Archive for the ‘Popular culture’ Category

Lead Us Not Into Temptation

Sunday, November 23rd, 2008

thanksgiving

Gratitude is not only the greatest of virtues, but the parent of all the others. – Cicero (106 BC – 43 BC)

It was the best of times, it was the worst of times. That is how I feel as I read Sunday’s paper. On one hand, the dismal economic forecasts for 2009; on the other hand, the glossy slick ‘door buster’ circulars encouraging us to get up at 4am the day after Thanksgiving.

Our children are watching. We have an opportunity to fight the marketers back. A young mom putting her child into his Spiderman® pajamas said, “I have fought as much as I could, but he lit up when he saw them in the store. I loved watching the joy on his face and I had to get them.”

The desire to elicit joy comes from love. But as we approach the most difficult financial conditions any of us have ever experienced, we cannot do things the same way we have in the past. The need is pajamas; the want is Spiderman® pajamas. The instant gratification of that purchase is momentary and fleeting, for both the parent and child.

As we approach the Thanksgiving holiday, be grateful for what you have. Are any of the items on the circulars glossy pages are among them? Sitting together at the table this Thursday, ask everyone to write down what they are thankful for.

Gratitude is a emotion that can get us through the most difficult times and put in perspective what really matters. Don’t respond to the ups and downs of a turbulent economy; instead be grateful for the people that matter in your life.

Happy (unlicensed) Birthday

Sunday, July 27th, 2008

Dora, Thomas, Barney, Hanna Montana, Spiderman, Ironman, Batman, all the Disney princesses, Bob the builder…. The list of licensed characters in our children’s lives is endless.

Marketing is the name of the game and the focus is our kids. As parents, we will spend an enormous amount of money to make sure a birthday party is a complete success in following through on the licensing concept as if Martha Stewart will have a swat team scrutinizing our party theme.

And, if themed party invitations are sent out, you can bet on getting more licensed products as presents in keeping with the theme.

Two major problems here:

1. We’re spending a lot more money on licensed products than you would for plain dishes, plates, invitations, games, etc.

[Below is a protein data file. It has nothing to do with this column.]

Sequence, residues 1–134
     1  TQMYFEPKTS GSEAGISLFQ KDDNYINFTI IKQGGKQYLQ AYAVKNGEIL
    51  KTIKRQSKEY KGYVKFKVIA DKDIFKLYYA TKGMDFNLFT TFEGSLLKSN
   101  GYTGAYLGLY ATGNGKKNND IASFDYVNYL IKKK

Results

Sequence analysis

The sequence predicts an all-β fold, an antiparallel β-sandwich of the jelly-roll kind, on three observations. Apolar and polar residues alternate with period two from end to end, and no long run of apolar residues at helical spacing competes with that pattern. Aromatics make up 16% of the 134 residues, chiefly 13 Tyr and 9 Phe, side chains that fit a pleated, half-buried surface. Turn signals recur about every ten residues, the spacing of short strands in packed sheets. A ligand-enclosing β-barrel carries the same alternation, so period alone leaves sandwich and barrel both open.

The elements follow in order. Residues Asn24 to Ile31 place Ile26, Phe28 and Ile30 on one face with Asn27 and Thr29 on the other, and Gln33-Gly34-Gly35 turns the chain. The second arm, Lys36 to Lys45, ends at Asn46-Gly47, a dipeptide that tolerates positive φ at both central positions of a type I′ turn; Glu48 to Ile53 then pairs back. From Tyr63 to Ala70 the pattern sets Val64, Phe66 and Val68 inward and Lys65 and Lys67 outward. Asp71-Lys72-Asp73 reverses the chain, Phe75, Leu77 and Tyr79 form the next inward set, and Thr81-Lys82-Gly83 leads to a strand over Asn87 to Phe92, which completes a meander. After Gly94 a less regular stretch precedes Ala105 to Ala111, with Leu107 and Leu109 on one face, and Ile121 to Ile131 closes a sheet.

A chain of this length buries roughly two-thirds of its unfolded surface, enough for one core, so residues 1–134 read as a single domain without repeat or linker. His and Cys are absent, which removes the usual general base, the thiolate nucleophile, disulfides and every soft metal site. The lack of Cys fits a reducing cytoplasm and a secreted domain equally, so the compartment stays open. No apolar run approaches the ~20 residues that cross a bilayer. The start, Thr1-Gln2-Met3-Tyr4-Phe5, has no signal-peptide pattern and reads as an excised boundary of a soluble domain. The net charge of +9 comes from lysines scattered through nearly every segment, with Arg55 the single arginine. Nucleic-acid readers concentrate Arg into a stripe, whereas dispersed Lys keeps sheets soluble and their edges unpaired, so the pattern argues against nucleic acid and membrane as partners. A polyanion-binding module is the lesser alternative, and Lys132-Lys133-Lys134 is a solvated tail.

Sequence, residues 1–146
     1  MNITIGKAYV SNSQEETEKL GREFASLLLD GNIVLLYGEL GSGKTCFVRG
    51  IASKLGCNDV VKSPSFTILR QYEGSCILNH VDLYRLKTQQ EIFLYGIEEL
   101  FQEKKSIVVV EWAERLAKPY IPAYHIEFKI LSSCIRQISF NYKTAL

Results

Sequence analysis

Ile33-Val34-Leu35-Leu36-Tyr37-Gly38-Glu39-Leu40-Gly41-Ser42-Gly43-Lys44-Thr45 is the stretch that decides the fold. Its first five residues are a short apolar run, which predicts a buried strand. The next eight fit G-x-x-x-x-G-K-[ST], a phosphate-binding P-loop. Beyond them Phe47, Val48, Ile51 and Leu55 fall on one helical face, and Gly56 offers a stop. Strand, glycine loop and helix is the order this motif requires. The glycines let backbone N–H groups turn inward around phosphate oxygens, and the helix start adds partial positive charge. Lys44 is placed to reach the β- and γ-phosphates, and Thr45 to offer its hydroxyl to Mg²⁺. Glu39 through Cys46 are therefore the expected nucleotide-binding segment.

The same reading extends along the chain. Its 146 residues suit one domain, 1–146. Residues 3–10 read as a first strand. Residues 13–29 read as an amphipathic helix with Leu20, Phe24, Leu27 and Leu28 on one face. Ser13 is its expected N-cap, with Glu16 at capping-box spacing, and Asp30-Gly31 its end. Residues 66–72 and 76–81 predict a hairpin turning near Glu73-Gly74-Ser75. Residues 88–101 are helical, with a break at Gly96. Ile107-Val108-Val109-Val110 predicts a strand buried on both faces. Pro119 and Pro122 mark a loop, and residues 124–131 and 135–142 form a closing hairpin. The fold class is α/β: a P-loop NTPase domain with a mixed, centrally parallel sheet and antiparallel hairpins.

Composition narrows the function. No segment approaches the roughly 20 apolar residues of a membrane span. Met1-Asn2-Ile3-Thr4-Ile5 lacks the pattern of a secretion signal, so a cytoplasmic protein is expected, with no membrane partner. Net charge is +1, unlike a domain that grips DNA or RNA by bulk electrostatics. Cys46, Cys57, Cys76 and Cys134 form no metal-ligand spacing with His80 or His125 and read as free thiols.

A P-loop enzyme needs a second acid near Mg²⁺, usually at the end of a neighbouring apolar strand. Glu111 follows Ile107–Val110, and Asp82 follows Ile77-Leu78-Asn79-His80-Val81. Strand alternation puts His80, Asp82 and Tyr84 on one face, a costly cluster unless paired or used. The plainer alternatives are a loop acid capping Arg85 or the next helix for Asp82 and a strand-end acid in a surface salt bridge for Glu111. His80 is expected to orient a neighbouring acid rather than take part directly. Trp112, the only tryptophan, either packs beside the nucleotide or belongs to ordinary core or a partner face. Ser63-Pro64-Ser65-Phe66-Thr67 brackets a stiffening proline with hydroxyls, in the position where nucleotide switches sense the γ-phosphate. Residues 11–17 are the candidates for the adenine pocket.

2. You’re telling your child that someone else has come up with a good idea – no need to think creatively since it’s already been done for you.

A recent Wall St. Journal article highlights the problem of trademark infringement. You may be renting the Purple Dinosaur costume, piñata etc. rather than a Barney costume. Though it’s costing you money for the knock-off, it would cost even more for the real (licensed) product. How many of you had to calm down screaming kids because the six foot character that showed up for your party bears little resemblance to the character you hoped would show up.

Simple problem – don’t buy into the marketing of licensed products. You will save tons of money and by taking the cues from your children of what they enjoy, you can create a wonderful party together and will teach your child that his/her ideas matter.

George Carlin was right, we do have too much stuff – Good Lessons from a Bad Economy

Sunday, July 6th, 2008

A classic bit by George Carlin was about having too much stuff.

He was right – we all have too much stuff. What makes us happy is buying more stuff, and then we have to buy bigger houses to contain all our stuff.

If we need to find the good news from a bad economy, it’s this. Look at all your stuff and don’t rush out to buy more. Imagine if you were moving and had to pack things up to a smaller place. What would you take and what would you toss? More importantly, think before you buy, especially when it comes to buying things for our children.

In a year where the scariest three words in the English language are “fill it up” we need to pay more attention to this distinction of wants vs. needs. We don’t need $5 cups of coffee or $2 bottles of water when we’re paying $4 for a gallon of gas and perhaps we don’t even need to use the car as often as we do.